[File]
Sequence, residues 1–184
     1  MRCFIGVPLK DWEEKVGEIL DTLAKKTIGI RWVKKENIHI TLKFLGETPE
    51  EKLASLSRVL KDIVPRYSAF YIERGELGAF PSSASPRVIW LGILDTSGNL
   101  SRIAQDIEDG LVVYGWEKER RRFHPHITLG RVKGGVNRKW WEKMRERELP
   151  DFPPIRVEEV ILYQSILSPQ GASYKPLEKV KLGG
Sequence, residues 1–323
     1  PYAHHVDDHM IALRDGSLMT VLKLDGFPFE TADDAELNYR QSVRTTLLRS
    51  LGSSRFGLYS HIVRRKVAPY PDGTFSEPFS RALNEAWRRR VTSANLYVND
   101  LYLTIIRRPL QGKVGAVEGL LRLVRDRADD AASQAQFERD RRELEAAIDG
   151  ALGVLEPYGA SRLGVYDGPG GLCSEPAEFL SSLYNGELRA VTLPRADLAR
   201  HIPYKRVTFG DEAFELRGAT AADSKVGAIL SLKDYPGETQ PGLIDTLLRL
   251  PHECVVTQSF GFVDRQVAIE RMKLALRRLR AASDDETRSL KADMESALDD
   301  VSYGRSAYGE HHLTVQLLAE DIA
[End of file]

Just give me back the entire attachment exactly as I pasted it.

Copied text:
Sequence, residues 1–184
     1  MRCFIGVPLK DWEEKVGEIL DTLAKKTIGI RWVKKENIHI TLKFLGETPE
    51  EKLASLSRVL KDIVPRYSAF YIERGELGAF PSSASPRVIW LGILDTSGNL
   101  SRIAQDIEDG LVVYGWEKER RRFHPHITLG RVKGGVNRKW WEKMRERELP
   151  DFPPIRVEEV ILYQSILSPQ GASYKPLEKV KLGG
Sequence, residues 1–323
     1  PYAHHVDDHM IALRDGSLMT VLKLDGFPFE TADDAELNYR QSVRTTLLRS
    51  LGSSRFGLYS HIVRRKVAPY PDGTFSEPFS RALNEAWRRR VTSANLYVND
   101  LYLTIIRRPL QGKVGAVEGL LRLVRDRADD AASQAQFERD RRELEAAIDG
   151  ALGVLEPYGA SRLGVYDGPG GLCSEPAEFL SSLYNGELRA VTLPRADLAR
   201  HIPYKRVTFG DEAFELRGAT AADSKVGAIL SLKDYPGETQ PGLIDTLLRL
   251  PHECVVTQSF GFVDRQVAIE RMKLALRRLR AASDDETRSL KADMESALDD
   301  VSYGRSAYGE HHLTVQLLAE DIA